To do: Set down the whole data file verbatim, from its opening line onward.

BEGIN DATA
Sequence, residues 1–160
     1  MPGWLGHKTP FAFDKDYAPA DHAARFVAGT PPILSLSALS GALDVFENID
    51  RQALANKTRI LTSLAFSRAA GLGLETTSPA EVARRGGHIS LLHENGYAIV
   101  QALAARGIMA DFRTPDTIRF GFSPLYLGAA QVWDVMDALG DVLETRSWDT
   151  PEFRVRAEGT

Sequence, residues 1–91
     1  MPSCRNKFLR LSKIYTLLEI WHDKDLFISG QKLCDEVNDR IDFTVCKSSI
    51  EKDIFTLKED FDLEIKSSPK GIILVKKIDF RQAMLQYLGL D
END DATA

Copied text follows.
Sequence, residues 1–160
     1  MPGWLGHKTP FAFDKDYAPA DHAARFVAGT PPILSLSALS GALDVFENID
    51  RQALANKTRI LTSLAFSRAA GLGLETTSPA EVARRGGHIS LLHENGYAIV
   101  QALAARGIMA DFRTPDTIRF GFSPLYLGAA QVWDVMDALG DVLETRSWDT
   151  PEFRVRAEGT

Sequence, residues 1–91
     1  MPSCRNKFLR LSKIYTLLEI WHDKDLFISG QKLCDEVNDR IDFTVCKSSI
    51  EKDIFTLKED FDLEIKSSPK GIILVKKIDF RQAMLQYLGL D